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n one of the previous chapters, we have dwelt upon the immorality of pride, leaving to inference the moral value of humility. We shall now make the virtue of humility our principal concern, and what is wrong with pride will, in the course of the discussion, become quite evident. Ramchal has approached the middah of humility, anavah, indirectly throughout Mesillat Yesharim, where it is unquestionably the core middah to which all of the other middot essentially contribute. However, here we are moving from humility as a middah to humility as a level of spiritual achievement. Obviously the distinction is a nuanced one, but a person who acts out of the middah of anavah in a particular situation is not the same as a person who has achieved the level of anavah in his or her spiritual journey. That person is called an anav. The principle of humility is that a man shall not think highly of himself for any reason whatsoever. This is the very opposite of what we understand by pride, and equally contrasted to each other are the consequences which follow from each of these traits respectively. Upon examination, we find that humility depends upon both thought and action. A man must be humble at heart before he can adopt the ways of the meek. Whoever wishes to conduct himself humbly, without being humble at heart, is only an evil pretender, and of the company of those hypocrites who are the bane of mankind. The total lack of self-absorption and concomitant absorption with the needs of another, that which we have been striving to achieve, characterizes anavah. To achieve this level of spiritual attainment requires the engagement of both “thought and action,” that is, both the intellect and the application of that intelChapter 22 h Concerning the Trait of Humility 240 I 241 lect in the world. These ideas have been characteristic of Mesillat Yesharim thus far, but here Ramchal makes clear that one must first achieve proper intellectual awareness before one’s deeds will truly project that awareness. To attempt to “act” humbly before having engaged in the necessary inner preparation will end in the worst sort of hypocrisy: one that deceives others into believing that the “humility” being practiced represents the highest level of spiritual development and should therefore serve as a model for others. We shall now explain the two aspects of humility. That is, intellect and deed. Humility in thought means that a man should be wholly persuaded of his unworthiness to be the recipient of praise and glory. A man of this sort will surely find it impossible to consider himself superior to any others. This attitude toward himself he will have not only because he is aware of his failings, but also because he realizes the insignificance of his attainments. That in the awareness of his shortcomings a man should be humble is selfevident . It is impossible for any man to be altogether without faults, which may be due to nature, to heredity, to accidents, or to his own doings. “For there is not a righteous man upon earth that doeth good, and sinneth not” (Eccl. 7.20). Such defects leave no room for self-esteem, despite the many excellent traits that one may otherwise possess. The defects are sufficient to eclipse the virtues. The simple but extraordinarily difficult starting point of proper intellectual preparation for humility is the undeniable fact that no human is without fault. Who could deny this? Yet who doesn’t deny this? The idea that we are fallible haunts the yetzer ha-ra. Our awareness of our shortcomings undermines the mastery of the world that we believe is necessary to negotiate the vicissitudes of life. Perhaps we are willing to reckon with our imperfection once a year in the course of the penitential season, or even to engage in penitence every day. But between our statements of penitence and even in the course of them, coming to terms with our inherent human limitations in a deep way can be devastating for us. Chapter Twenty-Two h 242 Mesillat Yesharim h The possession of learning, for example, makes dangerously for pride and self-esteem, since it is an advantage that accrues wholly to the intellect, which is the highest faculty of the human being. Yet there is no one so learned who does not make mistakes, or who is not in need of learning from his equals, and at times even from his disciples. How, then, shall...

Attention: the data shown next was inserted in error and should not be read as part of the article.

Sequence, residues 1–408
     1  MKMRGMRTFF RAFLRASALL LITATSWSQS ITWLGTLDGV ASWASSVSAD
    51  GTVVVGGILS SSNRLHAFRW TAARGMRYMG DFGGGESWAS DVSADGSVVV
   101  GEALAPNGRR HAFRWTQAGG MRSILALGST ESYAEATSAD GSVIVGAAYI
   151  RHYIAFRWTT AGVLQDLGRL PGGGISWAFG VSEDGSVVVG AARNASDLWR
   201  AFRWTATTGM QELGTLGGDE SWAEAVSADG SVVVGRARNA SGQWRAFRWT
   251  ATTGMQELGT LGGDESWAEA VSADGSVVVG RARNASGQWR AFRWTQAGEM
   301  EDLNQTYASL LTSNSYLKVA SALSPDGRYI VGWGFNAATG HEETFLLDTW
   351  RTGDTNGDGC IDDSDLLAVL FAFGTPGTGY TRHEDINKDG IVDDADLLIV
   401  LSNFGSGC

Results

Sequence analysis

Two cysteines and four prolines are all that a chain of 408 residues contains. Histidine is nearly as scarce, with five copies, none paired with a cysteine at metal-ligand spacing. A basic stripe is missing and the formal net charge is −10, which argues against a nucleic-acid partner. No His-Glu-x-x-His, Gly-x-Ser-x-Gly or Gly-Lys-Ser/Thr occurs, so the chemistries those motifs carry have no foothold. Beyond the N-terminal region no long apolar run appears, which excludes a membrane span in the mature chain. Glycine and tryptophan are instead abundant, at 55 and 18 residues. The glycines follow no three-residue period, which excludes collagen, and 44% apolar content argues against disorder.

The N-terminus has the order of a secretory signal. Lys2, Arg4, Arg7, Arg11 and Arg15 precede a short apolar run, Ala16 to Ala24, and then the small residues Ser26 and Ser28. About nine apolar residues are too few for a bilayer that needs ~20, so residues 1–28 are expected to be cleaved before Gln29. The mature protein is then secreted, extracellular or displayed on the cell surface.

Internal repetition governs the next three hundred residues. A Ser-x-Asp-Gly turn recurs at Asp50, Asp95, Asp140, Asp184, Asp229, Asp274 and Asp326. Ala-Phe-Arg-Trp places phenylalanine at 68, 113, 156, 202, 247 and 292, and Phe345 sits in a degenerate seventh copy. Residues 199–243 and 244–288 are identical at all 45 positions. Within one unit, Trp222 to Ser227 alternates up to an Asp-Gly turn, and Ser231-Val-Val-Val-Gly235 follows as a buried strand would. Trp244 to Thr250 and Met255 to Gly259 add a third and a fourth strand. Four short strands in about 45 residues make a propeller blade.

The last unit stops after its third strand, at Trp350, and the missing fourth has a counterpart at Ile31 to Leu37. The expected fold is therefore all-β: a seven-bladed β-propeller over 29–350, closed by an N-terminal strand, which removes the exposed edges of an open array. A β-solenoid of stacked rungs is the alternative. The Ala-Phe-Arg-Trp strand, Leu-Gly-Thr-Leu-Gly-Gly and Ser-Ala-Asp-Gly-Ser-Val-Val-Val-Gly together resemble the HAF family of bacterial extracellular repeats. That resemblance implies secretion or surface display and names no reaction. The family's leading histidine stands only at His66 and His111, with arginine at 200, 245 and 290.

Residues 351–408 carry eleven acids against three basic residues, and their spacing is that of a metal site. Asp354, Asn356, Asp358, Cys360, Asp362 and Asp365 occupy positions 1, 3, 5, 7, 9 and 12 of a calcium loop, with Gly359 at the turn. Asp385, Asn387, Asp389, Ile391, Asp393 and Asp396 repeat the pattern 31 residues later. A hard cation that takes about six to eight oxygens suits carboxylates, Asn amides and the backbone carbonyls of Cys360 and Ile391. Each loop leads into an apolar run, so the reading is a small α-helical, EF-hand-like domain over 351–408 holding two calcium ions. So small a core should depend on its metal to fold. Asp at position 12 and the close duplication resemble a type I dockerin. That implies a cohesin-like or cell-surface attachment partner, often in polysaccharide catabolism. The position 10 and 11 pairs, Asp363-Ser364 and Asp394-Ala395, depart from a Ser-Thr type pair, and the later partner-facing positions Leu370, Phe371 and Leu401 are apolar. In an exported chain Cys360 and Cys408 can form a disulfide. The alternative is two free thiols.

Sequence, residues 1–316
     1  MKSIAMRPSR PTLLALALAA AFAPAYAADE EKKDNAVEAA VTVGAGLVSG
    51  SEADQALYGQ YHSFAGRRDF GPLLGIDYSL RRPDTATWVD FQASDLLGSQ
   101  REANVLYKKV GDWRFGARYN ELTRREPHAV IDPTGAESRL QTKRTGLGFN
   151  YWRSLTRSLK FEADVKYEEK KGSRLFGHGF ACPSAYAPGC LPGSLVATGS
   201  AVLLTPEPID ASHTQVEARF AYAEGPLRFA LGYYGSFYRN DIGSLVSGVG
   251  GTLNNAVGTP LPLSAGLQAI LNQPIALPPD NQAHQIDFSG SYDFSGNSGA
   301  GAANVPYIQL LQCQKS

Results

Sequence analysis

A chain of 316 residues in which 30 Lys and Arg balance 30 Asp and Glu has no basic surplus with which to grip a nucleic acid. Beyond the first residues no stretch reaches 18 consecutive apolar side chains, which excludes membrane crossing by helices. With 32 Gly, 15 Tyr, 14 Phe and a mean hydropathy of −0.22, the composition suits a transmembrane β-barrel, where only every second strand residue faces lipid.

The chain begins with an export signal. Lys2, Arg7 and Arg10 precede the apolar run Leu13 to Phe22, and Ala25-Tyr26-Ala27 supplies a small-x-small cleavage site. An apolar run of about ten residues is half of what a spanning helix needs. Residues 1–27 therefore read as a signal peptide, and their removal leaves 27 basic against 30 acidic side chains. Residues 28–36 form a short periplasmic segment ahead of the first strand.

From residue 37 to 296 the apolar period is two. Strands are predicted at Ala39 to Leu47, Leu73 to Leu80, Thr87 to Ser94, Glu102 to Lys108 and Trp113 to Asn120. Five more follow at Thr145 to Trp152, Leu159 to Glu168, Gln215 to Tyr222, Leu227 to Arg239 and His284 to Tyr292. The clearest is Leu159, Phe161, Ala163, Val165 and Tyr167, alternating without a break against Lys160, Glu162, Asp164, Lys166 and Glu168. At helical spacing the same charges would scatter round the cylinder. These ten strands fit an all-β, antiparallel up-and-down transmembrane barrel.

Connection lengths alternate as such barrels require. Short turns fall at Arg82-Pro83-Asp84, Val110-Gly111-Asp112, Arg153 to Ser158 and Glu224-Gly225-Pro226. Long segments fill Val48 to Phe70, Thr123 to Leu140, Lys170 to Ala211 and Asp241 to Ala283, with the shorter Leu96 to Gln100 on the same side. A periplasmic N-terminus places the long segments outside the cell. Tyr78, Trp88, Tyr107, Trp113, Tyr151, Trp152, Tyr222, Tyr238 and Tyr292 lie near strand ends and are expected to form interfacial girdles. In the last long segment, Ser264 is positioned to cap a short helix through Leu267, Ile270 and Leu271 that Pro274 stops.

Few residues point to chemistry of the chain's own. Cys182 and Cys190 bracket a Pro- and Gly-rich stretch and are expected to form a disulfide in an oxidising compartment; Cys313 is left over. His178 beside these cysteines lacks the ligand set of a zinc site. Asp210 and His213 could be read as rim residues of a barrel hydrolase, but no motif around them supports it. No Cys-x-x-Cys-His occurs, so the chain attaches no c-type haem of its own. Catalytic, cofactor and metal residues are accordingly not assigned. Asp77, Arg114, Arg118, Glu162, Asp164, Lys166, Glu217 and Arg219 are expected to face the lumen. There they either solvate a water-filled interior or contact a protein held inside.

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Additional Information

ISBN
9780827611221
Related ISBN
9780827608566
MARC Record
OCLC
794925430
Launched on MUSE
2012-01-01
Language
English
Open Access
No
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